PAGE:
Despite having just 37 tenants, 5 Stone Buildings has quietly amassed one of the strongest capabilities at the chancery bar. The set is regularly instructed on a variety of interesting matters and offers a mix of high-profile and complex work.
Trusts, wills & probate and Court of Protection work are cornerstone practices. Members at the set were involved in litigation surrounding the estate of Lucian Freud. In another case, Ilott v Mitson, Penelope Reed QC and Hugh Cumber were the first to go to the Supreme Court with a claim under the Inheritance Act 1975.
Another 5 Stone strength is in art & cultural property. The set has been involved in the ongoing dispute over the Elgin Marbles and acted for the auction house Sotheby’s in relation to a suspected Caravaggio copy. Most recently, Henry Legge QC and Luke Harris helped establish outright ownership of a valuable medieval Islam rock crystal jar.
Barristers at the set have also worked on high profile tax avoidance cases. Sam Chandler worked as junior counsel on two matters for HMRC. In one case, the Ingenious Scheme, investors used tax breaks designed to help stimulate the UK film industry to avoid tax. This litigation attracted sizeable media attention, not just for the £800 million tax bill at stake, but because investors in the scheme included public figures such as Wayne Rooney, David Beckham, Jeremy Paxman, David Gower and Gary Lineker.
Turning to pupillages at set. 5 Stone Buildings offers just a single pupillage each year. The chosen one benefits from a “diverse” range of briefs, with a “nice mix of advisory and contentious” work. The work is “complex and high-value” enough to provide “excitement,” but not so technically intricate to be beyond rookies.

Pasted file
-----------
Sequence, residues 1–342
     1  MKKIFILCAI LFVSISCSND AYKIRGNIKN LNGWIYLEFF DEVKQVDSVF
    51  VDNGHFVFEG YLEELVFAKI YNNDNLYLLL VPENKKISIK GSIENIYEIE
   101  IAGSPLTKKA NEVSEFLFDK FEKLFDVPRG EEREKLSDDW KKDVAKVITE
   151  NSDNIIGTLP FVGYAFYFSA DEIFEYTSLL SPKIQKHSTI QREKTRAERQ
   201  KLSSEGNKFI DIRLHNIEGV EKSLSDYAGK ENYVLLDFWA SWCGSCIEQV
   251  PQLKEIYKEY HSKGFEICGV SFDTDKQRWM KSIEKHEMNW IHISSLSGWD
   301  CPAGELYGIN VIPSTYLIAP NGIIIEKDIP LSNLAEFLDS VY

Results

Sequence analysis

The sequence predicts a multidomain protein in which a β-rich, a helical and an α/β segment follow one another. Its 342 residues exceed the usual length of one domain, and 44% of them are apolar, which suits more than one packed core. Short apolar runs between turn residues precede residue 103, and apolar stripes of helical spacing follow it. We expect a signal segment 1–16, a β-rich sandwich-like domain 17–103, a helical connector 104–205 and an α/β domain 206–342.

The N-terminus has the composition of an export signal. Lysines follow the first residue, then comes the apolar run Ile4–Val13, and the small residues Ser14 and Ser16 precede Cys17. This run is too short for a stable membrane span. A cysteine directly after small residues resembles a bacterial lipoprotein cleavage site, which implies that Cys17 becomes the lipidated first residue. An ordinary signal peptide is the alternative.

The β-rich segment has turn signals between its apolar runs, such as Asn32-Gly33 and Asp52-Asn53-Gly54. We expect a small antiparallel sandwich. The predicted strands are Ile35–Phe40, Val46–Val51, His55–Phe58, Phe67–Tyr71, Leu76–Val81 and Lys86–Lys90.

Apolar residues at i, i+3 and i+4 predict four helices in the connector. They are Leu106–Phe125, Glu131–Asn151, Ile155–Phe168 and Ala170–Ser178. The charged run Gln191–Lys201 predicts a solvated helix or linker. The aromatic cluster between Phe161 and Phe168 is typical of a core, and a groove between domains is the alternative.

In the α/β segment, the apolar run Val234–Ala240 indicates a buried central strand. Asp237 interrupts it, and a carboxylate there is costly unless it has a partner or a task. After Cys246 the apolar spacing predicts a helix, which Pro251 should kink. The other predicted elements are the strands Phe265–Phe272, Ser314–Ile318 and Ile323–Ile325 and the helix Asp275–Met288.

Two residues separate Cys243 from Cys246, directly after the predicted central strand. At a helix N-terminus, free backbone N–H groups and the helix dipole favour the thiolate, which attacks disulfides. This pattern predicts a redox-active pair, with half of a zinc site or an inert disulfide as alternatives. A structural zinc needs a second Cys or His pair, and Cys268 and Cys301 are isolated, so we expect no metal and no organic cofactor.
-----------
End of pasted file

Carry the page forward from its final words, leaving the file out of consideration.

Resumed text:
Pupils recruited by the set often have substantial high-level legal experience prior to joining. Simon Douglas worked as an associate professor of law at Oxford University, for example.
The set’s small size helps facilitate 5 Stone’s collegiate social atmosphere. Tenants have “tea daily” and “lunch monthly” with many more “informal and formal gatherings”. Outside the 50-59 hours that 5 Stone’s barristers work a week, the social life “never stops”. Indeed, as one respondent to the Legal Cheek Junior Barrister Survey put it: “The corridors are full of people laughing and the local pubs are sustained after 6pm.”
The set has attempted to expand more recently, but this has led to growing pains. The office is now described as being “a bit short of space,” with one silk even “squatting in a conference room” until the set expanded into a new annexe over the summer. However, tenants are looking forward to having “big and beautiful conference spaces…when things settle” down.
Couple this with the observation that “all levels support one another nicely” and it is easy to see why training at the set has been described as “stellar”.